Why this Green Beret was nominated for three Medals of Honor but only got one
Green Beret Robert Howard may have spent more time in Vietnam than any other soldier and he has the wounds to prove it. For an astonishing 54 full months, the Special Forces soldier slugged it out with any number of North Vietnam’s finest, receiving 14 wounds.
He also received a battlefield commission, eight Purple Hearts, the Distinguished Service Cross, the Silver Star and four Bronze Stars. To top it all off, he also received the Medal of Honor. Robert Howard was the most decorated soldier since Audie Murphy in World War II.
The Green Beret should have topped Murphy by becoming the first-ever three-time Medal of Honor recipient, but it could never have been. Some say he really is the most decorated soldier ever produced by the Army. The problem is that most of Howard’s war was classified.
Howard spent 36 years in the United States Army, first enlisting in 1956. He arrived in Vietnam in 1967, and his first 13 months were a doozy. It was this initial time period that Howard was nominated for the Medal of Honor three times.
It’s easy to realize why he was put in a position to earn the Medal of Honor three times. As a Green Beret, he was assigned to the top secret Military Assistance Command, Vietnam – Studies and Observations Group (MACV-SOG). The classified command participated in the war’s most important and prominent operations.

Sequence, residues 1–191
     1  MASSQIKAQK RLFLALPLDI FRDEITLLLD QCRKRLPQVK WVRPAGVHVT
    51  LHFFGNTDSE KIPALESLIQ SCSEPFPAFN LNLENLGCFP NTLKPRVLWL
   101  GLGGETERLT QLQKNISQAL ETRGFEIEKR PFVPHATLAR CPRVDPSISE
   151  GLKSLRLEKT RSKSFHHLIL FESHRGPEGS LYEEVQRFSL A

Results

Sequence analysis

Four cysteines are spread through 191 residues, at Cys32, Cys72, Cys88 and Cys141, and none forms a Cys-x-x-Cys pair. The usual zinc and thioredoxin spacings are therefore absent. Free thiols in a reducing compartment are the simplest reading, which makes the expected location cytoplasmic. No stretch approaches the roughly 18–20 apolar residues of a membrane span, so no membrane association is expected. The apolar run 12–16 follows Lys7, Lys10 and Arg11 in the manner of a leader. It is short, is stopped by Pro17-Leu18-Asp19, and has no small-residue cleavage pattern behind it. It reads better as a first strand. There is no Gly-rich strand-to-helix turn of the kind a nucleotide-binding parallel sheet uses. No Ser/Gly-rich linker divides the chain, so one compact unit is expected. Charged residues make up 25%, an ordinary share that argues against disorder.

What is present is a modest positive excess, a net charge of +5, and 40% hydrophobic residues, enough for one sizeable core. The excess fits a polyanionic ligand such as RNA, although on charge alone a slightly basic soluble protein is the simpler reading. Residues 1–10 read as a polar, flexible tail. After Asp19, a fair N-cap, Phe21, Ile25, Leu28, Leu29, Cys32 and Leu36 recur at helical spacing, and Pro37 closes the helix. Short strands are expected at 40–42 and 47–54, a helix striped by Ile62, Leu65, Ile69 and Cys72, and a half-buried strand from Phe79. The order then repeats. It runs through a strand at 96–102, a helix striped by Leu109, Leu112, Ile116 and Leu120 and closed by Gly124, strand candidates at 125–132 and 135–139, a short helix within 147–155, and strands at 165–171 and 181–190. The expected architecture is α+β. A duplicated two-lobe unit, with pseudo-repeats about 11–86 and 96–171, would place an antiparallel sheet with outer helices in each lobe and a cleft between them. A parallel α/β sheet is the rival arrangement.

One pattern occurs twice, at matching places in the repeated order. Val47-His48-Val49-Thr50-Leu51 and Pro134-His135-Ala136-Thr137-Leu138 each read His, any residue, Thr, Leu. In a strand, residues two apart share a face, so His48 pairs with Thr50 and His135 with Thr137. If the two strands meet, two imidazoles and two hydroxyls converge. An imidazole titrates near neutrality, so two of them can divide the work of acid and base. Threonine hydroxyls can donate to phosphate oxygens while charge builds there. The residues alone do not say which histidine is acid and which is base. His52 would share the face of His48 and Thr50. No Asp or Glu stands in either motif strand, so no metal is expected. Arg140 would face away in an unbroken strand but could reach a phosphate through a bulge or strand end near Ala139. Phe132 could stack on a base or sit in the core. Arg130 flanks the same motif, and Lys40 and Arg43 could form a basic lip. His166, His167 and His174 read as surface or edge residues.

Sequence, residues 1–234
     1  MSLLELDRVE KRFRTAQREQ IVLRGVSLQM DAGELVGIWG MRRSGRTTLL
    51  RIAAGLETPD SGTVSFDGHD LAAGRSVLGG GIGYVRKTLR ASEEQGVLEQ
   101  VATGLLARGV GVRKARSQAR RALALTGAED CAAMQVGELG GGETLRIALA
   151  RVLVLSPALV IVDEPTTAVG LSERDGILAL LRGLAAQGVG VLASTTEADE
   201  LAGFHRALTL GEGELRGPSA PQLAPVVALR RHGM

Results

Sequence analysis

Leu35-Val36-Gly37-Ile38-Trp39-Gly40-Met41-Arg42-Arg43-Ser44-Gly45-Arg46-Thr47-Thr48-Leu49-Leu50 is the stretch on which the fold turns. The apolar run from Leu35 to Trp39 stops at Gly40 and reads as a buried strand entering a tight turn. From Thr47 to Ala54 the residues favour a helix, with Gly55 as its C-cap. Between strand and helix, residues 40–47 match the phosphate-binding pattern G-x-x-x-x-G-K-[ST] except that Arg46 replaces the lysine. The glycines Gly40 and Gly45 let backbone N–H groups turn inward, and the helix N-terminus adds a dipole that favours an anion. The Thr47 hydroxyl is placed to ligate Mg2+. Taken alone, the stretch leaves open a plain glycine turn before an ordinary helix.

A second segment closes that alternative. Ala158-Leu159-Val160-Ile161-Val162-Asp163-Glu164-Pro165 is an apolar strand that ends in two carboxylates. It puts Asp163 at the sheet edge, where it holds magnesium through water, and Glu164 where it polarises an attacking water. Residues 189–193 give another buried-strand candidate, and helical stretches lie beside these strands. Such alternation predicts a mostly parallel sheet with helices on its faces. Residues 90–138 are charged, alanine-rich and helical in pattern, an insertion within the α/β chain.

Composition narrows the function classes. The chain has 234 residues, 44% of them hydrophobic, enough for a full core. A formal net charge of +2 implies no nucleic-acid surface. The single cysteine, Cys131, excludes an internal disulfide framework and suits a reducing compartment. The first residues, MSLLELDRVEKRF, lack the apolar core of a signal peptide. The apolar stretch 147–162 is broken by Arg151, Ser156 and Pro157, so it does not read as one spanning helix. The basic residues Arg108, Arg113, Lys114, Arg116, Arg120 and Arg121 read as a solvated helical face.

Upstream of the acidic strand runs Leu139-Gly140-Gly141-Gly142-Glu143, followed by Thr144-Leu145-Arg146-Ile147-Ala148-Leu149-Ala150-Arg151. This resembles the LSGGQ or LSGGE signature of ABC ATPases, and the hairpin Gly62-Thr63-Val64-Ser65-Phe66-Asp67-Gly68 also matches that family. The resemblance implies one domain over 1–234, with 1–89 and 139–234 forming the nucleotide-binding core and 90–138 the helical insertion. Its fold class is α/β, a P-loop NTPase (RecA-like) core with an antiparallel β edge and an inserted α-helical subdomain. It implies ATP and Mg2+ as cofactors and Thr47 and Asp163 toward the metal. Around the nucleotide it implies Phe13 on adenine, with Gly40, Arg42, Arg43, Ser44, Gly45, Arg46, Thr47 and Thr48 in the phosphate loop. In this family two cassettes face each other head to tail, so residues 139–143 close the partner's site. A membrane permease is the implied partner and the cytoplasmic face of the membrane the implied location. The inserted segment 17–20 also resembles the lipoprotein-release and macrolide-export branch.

It also participated in the war’s least prominent operations, especially those conducted in Laos and Cambodia. The top secret operations that put Howard in the position of being nominated for three Medals of Honor would be the reason two of them were downgraded to a Silver Star and the Distinguished Service Cross, respectively.
While leading a mission of American and South Vietnamese soldiers looking for the missing soldier Robert Scherdin, his platoon was attacked by two companies of enemy troops. Howard was unable to walk and his weapon had been destroyed by a grenade. He still managed to crawl through a hail of gunfire to rescue his platoon leader.
He dragged the downed officer back to the American-South Vietnamese unit and reorganized it to put up a stiff defense against an overwhelming enemy. Unable to fight, he still directed the unit and crawled around administering first aid to the wounded. Under his direct leadership, they were able to fight until rescue helicopters could land.
Howard was the last person to get aboard the helicopters and was awarded the Medal of Honor. He learned about his award via radio on his way back from another mission in Cambodia. Since his other two medal recommendations were based on classified missions into Cambodia, which is the reason many believe they were downgraded.
If it bothered Howard that his two other medal recommendations were downgraded, you’d never know it. He spent four and a half years fighting in Vietnam and 36 total years in the U.S. Army in some form. After retiring from the Army in 1992 (as Col. Robert L. Howard), he continued working with veterans and would even visit American troops stationed in Iraq until his death in 2009.
Robert L. Howard died of pancreatic cancer and is buried in Arlington National Cemetery.